ANGELES, Philippines -- An American woman was found dead from stab wounds in a pickup truck outside the U.S. Clark Air Base Tuesday and officials ruled out a political motive.
A statement by the base's public affairs office identified the victim as Julie Snodgrass.
Clark spokesman Capt. Kim Urie declined to disclose other details of the victim, citing U.S. privacy laws.
Snodgrass was found in her red Chevrolet pickup at 6:30 a.m. on a dirt road outside the designated liberty area in Angeles city, 50 miles north of Manila, where the air base is located.
Authorities are investigating the death but the Clark statement said 'preliminary findings indicated it was not politically motivated.'
Police Lt. Col. Julius Yarcia said an early morning jogger found Snodgrass and informed police. Yarcia said he had no other details and no arrest had been made.
Yarcia said Snodgrass was the wife of a U.S. serviceman assigned to the office of special investigation.
U.S. officials last week lifted travel restrictions for servicemen assigned at Clark clamped during talks earlier in the month on the future of six U.S. facilities in the Philippines whose lease is expiring in September.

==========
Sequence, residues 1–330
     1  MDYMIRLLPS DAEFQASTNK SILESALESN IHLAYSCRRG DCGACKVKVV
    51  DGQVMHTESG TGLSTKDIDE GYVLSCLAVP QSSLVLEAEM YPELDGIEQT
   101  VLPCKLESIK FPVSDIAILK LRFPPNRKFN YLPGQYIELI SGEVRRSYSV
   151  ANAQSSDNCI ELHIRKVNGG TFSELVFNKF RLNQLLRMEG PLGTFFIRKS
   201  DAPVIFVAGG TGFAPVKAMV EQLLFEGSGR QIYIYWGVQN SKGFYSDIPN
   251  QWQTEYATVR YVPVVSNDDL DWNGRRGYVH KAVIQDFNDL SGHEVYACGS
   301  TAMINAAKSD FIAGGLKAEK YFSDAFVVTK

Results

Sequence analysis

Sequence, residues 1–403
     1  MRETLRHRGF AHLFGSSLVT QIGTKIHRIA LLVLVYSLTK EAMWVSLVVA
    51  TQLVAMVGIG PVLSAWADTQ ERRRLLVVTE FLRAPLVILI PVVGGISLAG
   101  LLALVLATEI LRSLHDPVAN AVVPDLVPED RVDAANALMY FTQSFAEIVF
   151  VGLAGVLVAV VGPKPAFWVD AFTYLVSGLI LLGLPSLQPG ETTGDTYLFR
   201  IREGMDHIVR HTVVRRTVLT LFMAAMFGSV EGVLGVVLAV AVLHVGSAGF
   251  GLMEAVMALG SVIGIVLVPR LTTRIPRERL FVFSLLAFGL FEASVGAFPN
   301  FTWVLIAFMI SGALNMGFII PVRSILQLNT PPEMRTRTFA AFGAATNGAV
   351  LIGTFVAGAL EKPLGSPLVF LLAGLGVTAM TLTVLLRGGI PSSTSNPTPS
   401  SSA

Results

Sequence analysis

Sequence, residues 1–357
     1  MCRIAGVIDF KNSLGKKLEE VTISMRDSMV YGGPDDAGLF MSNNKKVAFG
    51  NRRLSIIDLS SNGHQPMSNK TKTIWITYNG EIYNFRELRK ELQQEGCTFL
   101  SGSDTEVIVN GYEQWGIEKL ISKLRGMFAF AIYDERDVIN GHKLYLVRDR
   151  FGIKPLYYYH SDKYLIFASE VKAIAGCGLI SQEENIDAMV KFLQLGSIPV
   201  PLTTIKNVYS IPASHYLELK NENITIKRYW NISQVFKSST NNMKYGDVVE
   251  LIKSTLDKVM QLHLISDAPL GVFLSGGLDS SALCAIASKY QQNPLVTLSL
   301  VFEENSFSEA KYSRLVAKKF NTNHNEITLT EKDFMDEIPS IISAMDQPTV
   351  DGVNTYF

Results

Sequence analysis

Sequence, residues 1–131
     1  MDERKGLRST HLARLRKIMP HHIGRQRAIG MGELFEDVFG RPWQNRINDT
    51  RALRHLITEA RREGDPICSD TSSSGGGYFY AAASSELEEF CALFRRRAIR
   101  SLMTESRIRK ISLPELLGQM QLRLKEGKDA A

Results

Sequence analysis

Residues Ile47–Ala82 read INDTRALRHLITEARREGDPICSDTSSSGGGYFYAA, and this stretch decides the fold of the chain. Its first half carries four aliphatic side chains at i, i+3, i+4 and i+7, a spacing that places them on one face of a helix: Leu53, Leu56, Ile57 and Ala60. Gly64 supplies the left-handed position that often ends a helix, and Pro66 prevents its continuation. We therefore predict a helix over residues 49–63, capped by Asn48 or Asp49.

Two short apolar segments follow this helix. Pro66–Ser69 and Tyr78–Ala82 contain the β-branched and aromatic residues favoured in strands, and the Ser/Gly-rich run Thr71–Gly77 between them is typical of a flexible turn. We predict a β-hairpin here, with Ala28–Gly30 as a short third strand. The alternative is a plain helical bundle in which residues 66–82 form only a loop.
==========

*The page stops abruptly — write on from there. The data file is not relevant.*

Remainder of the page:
However, a 1 a.m. to 6 a.m. curfew remained in effect for the servicemen.
At least 10 Americans have been killed since October 1987 in incidents blamed on the New Peoples Army, the armed partisan of the outlawed Communist Party of the Philippines.
The 17,000-member NPA has been battling the Manila government for 22 years.
Meanwhile, police said the Rev. Alejandrino Abing, 30, was shot and killed Tuesday while the Roman Catholic priest was waiting for a bus ride in the central city of Cebu.
Police said four unidentified men approached Abing, tried to force him to board their car and shot him at point blank range seven times when he refused.
Abing was visiting Ceity of Davao, where he was reported active among cause- oriented groups.
Police ruled out robbery as a motive and an investigation was being conducted.